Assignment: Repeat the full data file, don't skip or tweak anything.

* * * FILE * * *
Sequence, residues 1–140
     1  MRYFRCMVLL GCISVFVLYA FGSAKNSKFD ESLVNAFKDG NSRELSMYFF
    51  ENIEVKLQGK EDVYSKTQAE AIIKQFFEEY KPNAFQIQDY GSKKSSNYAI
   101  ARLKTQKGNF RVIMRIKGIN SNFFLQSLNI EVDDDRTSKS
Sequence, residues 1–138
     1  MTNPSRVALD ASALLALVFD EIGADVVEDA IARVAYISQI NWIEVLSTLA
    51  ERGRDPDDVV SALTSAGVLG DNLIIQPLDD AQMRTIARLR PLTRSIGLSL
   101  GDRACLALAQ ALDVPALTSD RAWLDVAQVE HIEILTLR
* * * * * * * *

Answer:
Sequence, residues 1–140
     1  MRYFRCMVLL GCISVFVLYA FGSAKNSKFD ESLVNAFKDG NSRELSMYFF
    51  ENIEVKLQGK EDVYSKTQAE AIIKQFFEEY KPNAFQIQDY GSKKSSNYAI
   101  ARLKTQKGNF RVIMRIKGIN SNFFLQSLNI EVDDDRTSKS
Sequence, residues 1–138
     1  MTNPSRVALD ASALLALVFD EIGADVVEDA IARVAYISQI NWIEVLSTLA
    51  ERGRDPDDVV SALTSAGVLG DNLIIQPLDD AQMRTIARLR PLTRSIGLSL
   101  GDRACLALAQ ALDVPALTSD RAWLDVAQVE HIEILTLR